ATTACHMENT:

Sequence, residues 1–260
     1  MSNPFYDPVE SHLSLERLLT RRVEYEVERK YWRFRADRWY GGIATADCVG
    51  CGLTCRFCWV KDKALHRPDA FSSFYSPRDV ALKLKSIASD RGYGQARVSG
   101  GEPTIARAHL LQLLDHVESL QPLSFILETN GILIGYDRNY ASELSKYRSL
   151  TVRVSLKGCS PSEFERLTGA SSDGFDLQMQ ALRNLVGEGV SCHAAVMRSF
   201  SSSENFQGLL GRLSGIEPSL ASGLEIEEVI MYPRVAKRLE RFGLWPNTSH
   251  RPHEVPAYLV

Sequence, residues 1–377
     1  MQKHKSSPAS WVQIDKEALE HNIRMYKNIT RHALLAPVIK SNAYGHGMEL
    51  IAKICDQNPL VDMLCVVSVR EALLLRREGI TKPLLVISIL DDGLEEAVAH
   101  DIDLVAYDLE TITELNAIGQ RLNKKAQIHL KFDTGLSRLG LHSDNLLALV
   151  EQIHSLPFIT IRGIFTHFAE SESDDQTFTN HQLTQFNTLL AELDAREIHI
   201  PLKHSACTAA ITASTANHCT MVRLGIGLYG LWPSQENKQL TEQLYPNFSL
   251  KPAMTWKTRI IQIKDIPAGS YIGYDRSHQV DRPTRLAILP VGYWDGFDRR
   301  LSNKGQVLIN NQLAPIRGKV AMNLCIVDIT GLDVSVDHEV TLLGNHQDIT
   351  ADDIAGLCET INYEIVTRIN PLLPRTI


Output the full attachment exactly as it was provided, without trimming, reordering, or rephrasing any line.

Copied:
Sequence, residues 1–260
     1  MSNPFYDPVE SHLSLERLLT RRVEYEVERK YWRFRADRWY GGIATADCVG
    51  CGLTCRFCWV KDKALHRPDA FSSFYSPRDV ALKLKSIASD RGYGQARVSG
   101  GEPTIARAHL LQLLDHVESL QPLSFILETN GILIGYDRNY ASELSKYRSL
   151  TVRVSLKGCS PSEFERLTGA SSDGFDLQMQ ALRNLVGEGV SCHAAVMRSF
   201  SSSENFQGLL GRLSGIEPSL ASGLEIEEVI MYPRVAKRLE RFGLWPNTSH
   251  RPHEVPAYLV

Sequence, residues 1–377
     1  MQKHKSSPAS WVQIDKEALE HNIRMYKNIT RHALLAPVIK SNAYGHGMEL
    51  IAKICDQNPL VDMLCVVSVR EALLLRREGI TKPLLVISIL DDGLEEAVAH
   101  DIDLVAYDLE TITELNAIGQ RLNKKAQIHL KFDTGLSRLG LHSDNLLALV
   151  EQIHSLPFIT IRGIFTHFAE SESDDQTFTN HQLTQFNTLL AELDAREIHI
   201  PLKHSACTAA ITASTANHCT MVRLGIGLYG LWPSQENKQL TEQLYPNFSL
   251  KPAMTWKTRI IQIKDIPAGS YIGYDRSHQV DRPTRLAILP VGYWDGFDRR
   301  LSNKGQVLIN NQLAPIRGKV AMNLCIVDIT GLDVSVDHEV TLLGNHQDIT
   351  ADDIAGLCET INYEIVTRIN PLLPRTI